Individuals who experience increased blinking during concentration or a sensation of something in their eyes may be suffering from dry eyes, a condition where the eyes lack the necessary tears to keep them properly moistened and nourished. Although eye drops can provide temporary relief, seeking out a dry eye clinic can provide access to a range of other treatment options, medical guidance, and educational resources on the condition.
Dr. Leigh Plowman is a highly qualified optometrist and the founder of Dry Eye Directory, a free online resource that assists individuals in overcoming dry eyes. He completed his optometry degree at the University of Melbourne and also undertook a clinical externship at the Illinois College of Optometry. As a current Key Opinion Leader (KOL) at Oculus Asia, Dr. Plowman firmly believes that dry eyes should not impact an individual’s quality of life or restrict their daily activities. For this reason, he provides comprehensive information on the condition, including its symptoms, diagnosis, treatment solutions, and preventative care tips.
Dry eye is a multifactorial ocular surface disease that is characterized by insufficient tears and discomfort, according to the online resource. Some common symptoms that patients experience include blurred vision, red or sore eyes, a gritty feeling, itchy eyes, a stinging sensation, on-and-off vision, watery eyes, and excessive tearing. The tear film, on the other hand, consists of three layers: the inner mucin layer that coats the eye’s surface, the middle aqueous layer that contains nourishing vitamins and minerals and makes up most of the tears, and the outer lipid layer that uses oils to seal the film and prevent dryness.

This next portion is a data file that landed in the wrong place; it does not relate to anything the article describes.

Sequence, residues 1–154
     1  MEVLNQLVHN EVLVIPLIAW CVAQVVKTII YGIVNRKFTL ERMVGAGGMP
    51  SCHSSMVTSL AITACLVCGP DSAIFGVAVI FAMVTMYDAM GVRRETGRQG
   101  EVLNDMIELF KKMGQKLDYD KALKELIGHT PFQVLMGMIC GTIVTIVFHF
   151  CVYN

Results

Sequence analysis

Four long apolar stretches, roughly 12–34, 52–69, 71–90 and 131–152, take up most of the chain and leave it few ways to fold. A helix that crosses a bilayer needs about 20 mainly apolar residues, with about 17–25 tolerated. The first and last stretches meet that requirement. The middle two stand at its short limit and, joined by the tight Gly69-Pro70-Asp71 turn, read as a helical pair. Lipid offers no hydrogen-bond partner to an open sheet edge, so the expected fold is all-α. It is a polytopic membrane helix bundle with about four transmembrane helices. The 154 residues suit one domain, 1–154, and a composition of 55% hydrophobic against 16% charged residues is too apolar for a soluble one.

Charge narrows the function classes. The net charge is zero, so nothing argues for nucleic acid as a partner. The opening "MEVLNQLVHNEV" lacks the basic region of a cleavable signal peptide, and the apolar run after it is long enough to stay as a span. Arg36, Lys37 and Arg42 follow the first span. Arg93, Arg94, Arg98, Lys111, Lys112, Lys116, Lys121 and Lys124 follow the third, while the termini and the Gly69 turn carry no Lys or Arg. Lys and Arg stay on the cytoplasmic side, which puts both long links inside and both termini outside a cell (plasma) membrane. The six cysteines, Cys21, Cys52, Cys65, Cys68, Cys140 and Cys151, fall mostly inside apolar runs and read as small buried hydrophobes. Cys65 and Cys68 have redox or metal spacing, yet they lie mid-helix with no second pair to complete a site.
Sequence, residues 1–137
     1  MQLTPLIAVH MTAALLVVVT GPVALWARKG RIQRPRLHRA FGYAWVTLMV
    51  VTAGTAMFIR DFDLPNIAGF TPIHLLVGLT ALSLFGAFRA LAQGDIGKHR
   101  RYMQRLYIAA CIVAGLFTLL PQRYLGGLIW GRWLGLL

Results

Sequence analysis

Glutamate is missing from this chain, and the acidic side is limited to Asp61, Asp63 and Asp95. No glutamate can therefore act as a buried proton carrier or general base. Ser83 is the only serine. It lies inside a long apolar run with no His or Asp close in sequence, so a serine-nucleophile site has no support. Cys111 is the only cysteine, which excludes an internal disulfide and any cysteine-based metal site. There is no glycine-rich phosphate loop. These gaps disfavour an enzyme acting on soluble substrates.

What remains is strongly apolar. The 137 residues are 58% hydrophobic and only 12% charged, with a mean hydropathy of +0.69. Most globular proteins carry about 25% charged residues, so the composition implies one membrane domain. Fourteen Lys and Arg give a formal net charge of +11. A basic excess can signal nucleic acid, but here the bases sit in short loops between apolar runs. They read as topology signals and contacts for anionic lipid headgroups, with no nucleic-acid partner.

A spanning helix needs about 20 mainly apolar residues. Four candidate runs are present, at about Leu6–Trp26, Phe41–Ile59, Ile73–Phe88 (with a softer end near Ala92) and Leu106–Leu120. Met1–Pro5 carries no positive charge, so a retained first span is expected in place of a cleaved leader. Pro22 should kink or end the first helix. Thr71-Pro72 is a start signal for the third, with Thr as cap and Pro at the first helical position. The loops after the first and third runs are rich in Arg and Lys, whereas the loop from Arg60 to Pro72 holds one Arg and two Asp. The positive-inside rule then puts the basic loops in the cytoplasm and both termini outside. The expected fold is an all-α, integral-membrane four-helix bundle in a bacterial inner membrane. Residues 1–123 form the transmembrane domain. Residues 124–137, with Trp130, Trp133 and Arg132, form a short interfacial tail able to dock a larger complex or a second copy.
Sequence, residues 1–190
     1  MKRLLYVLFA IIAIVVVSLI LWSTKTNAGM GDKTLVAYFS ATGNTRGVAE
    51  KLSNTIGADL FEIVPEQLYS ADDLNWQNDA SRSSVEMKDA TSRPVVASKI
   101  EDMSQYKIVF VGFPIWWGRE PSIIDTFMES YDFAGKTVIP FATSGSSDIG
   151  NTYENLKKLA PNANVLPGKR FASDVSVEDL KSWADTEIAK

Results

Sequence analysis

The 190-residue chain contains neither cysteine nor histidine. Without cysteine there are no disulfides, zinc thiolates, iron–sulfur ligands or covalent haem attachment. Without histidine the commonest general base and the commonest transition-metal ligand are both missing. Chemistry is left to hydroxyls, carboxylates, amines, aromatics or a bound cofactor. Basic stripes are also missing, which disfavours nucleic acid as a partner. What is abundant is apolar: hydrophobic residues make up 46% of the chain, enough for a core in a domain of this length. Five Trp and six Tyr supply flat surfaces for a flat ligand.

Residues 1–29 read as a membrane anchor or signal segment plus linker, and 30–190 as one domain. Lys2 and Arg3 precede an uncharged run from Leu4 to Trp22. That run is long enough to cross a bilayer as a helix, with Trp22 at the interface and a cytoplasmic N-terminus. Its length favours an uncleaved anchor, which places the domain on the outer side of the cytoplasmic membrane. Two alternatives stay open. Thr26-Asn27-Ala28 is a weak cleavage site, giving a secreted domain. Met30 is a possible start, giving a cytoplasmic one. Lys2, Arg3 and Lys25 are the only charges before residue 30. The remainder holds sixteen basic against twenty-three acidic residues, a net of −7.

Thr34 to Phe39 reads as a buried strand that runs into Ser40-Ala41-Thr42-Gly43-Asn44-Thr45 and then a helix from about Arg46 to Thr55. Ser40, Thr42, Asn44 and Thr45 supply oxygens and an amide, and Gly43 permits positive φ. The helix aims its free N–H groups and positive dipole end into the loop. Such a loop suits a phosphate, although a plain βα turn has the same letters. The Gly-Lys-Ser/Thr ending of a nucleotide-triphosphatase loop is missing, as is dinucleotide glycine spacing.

Besides keeping the eyes moisturized, the three layers maintain a natural balance in the eye, making it comfortable. However, when there’s an inadequate/unstable tear film, a decrease in tear production, or increased evaporation, the balance is disrupted, leading to dry eyes.
The main causes of dry eye include health conditions, aging, medications, hormonal changes, eyelid problems, recent eye surgery, and skincare/cosmetic products. A person’s lifestyle and daily activities, from wearing contact lenses to driving/reading for a long time, environmental factors, inadequate sleep, and prolonged screen time may cause dry eyes. Individuals with increased sensitivity to smoke, wind, or light, finding it hard to open their eyelids in the morning, experiencing eye fatigue, or suffering from eye irritation may also have dry eyes. Optometrists associate headaches and migraines with dry eyes once they eliminate other lifestyle causes, injuries, or accidents.
Dry Eye Directory emphasizes the importance of catching and preventing dry eyes early before eye infections or permanent damage occurs on the surface. Treating dry eyes begins with a proper diagnosis from an optometrist who conducts a checkup and determines the severity of the condition before prescribing treatments like artificial fears, supplements, intense pulsed light procedures, or warm compresses. An optometrist may recommend ear duct flushing, amniotic membranes/drops, scleral contact lenses, or meibomian gland expression.
Dr. Leigh Plowman has reviewed the best eye drops for dry eyes on the website and also recommends skincare/makeup and at-home products for people with sensitive skin/eyes. Individuals can visit the website to find a dry eye clinic in their area or learn more about Dry Eye Directory.
Dry Eye Directory
30 North Gould Street
Disclaimer: The views, suggestions, and opinions expressed here are the sole responsibility of the experts. No Rainier Watchdog journalist was involved in the writing and production of this article.